Nursing homes have been under fire lately for the poor level of care they provide to residents. Indeed, by some estimates, one in ten nursing home residents suffer some type of abuse or neglect. In theory, the legal system allows for the victims of Indiana nursing home abuse and neglect to sue the offending nursing homes. However, many Indiana residents are not able to do so because they signed arbitration agreements.
An arbitration agreement is a type of contract by which the parties agree not to file a case in court if a conflict within the scope of the agreement arises. Typically, nursing homes present residents with these agreements at the time of admission. While Indiana skilled care facilities will not necessarily force a resident to sign the agreement, it is not often apparent to the resident that they can decline to sign. If valid and enforceable, an arbitration agreement can prevent a nursing home resident from filing a case in court, forcing them to resolve the matter through the arbitration process.
The enforceability of arbitration contracts is currently a hot topic, and the subject of many court opinions. A recent case illustrates how courts analyze and give effect to arbitration agreements. According to the court’s opinion, the plaintiff filed a wrongful death claim against the defendant nursing home after his father died while in the home’s care. Before the plaintiff’s father was admitted into the home, he signed an arbitration agreement. The agreement contained a “delegation provision” under which the specific arbitrator would determine whether any claim fell within the scope of the arbitration clause.
After the plaintiff filed his claim, the arbitrator determined that it fell within the scope of the arbitration agreement. The plaintiff appealed the ruling to an appellate court, which affirmed. The plaintiff’s main argument was that the arbitration agreement was not enforceable because it was not signed by the owners of the nursing home, and was only enforceable by a signatory to the agreement. Evidently, the agreement was signed by a “representative” of the nursing home. The plaintiff argued that there was no evidence suggesting that the representative was an agent of the nursing home, and thus, the nursing home failed to establish that the agreement was enforceable. However, this argument was not raised until the appeal.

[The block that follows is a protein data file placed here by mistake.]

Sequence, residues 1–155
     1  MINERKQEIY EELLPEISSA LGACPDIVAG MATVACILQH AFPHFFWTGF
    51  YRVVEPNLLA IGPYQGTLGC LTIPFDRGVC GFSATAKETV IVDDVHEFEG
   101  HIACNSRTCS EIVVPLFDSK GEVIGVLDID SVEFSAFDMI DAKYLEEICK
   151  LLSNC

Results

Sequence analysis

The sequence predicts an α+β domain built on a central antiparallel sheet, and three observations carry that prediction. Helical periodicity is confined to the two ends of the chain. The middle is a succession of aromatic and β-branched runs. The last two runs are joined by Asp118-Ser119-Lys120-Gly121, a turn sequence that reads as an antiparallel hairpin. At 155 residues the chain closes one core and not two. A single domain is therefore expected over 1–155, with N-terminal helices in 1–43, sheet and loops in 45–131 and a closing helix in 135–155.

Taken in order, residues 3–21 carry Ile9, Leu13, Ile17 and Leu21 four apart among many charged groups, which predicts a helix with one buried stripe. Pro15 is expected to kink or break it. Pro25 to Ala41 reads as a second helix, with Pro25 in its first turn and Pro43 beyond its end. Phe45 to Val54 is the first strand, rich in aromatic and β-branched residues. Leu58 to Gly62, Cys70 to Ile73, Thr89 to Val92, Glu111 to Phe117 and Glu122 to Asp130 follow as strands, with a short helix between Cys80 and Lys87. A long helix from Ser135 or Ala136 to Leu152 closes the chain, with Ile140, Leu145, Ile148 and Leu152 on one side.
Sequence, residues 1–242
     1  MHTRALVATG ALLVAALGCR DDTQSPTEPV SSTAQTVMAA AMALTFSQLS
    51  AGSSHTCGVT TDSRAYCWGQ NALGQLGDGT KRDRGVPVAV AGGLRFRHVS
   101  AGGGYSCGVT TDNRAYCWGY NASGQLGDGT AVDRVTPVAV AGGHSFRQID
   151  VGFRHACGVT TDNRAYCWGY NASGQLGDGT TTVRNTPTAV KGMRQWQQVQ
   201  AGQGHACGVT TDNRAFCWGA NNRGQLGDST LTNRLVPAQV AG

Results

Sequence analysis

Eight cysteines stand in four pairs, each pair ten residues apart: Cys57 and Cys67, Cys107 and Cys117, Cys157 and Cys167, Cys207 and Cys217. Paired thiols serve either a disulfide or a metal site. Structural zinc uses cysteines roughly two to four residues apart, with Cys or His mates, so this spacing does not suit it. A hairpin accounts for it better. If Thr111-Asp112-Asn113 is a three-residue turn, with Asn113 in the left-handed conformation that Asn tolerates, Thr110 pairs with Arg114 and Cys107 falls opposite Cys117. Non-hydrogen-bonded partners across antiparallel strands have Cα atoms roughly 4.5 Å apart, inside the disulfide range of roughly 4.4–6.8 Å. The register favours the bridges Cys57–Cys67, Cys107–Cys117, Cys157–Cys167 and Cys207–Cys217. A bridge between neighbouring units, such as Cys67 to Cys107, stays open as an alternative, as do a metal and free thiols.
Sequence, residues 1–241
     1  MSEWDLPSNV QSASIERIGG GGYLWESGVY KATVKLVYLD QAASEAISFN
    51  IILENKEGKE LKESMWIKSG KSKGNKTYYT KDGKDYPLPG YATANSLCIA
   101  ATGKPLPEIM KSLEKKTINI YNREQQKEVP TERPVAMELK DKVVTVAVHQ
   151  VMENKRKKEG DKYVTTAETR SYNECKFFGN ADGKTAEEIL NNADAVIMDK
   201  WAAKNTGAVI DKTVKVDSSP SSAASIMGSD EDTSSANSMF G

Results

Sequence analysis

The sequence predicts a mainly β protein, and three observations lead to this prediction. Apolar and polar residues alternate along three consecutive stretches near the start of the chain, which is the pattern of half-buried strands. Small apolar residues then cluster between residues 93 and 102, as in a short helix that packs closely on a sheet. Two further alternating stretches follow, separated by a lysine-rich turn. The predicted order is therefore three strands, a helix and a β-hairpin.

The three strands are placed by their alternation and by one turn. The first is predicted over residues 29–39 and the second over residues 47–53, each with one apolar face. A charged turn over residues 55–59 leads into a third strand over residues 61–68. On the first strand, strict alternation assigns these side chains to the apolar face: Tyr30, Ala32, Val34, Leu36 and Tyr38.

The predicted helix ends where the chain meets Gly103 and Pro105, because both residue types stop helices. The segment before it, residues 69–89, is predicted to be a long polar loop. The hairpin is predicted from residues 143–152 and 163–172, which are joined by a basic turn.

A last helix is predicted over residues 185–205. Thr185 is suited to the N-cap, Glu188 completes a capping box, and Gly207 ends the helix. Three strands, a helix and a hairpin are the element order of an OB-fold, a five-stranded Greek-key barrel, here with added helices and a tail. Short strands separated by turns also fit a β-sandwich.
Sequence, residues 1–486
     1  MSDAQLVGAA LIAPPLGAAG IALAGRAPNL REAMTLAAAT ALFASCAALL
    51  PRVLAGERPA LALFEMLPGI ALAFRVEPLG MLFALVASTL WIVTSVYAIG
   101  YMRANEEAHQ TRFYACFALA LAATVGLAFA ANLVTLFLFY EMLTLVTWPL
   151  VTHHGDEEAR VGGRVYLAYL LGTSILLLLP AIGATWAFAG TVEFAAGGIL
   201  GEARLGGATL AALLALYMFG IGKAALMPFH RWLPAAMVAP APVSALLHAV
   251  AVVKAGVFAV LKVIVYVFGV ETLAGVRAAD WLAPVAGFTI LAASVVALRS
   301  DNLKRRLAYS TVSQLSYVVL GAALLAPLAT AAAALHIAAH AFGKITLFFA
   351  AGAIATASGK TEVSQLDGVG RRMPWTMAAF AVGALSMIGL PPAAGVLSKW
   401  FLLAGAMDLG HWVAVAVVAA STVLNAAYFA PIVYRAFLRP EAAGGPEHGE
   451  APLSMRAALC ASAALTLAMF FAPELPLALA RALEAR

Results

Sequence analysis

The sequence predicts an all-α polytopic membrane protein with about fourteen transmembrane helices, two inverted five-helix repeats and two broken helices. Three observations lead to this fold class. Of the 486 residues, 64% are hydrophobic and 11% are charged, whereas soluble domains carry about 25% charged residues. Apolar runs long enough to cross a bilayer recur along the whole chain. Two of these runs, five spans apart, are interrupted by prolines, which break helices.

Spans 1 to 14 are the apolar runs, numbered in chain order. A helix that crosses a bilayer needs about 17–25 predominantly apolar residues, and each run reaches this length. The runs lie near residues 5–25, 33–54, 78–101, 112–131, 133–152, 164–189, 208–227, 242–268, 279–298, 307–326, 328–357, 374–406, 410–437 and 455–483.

The court rejected the plaintiff’s argument. The court explained that the lower court correctly dismissed the plaintiff’s claim because, at the time, he had not raised his argument against enforceability. The court explained that those arguments that are not raised at the lower-court level are waived, and cannot be considered on appeal.
Are You Disputing the Enforceability of an Indiana Arbitration Agreement?
If you have a loved one in an Indiana nursing home, and you fear that they may have been subjected to abuse or neglect, contact the injury advocates at Parr Richey Frandsen Patterson Kruse. At our Indiana personal injury law firm, we represent nursing home residents and their family members in all types of claims against nursing homes, including those involving complex issues surrounding arbitration provisions. To learn more, call 888-532-7766 to schedule a free consultation today.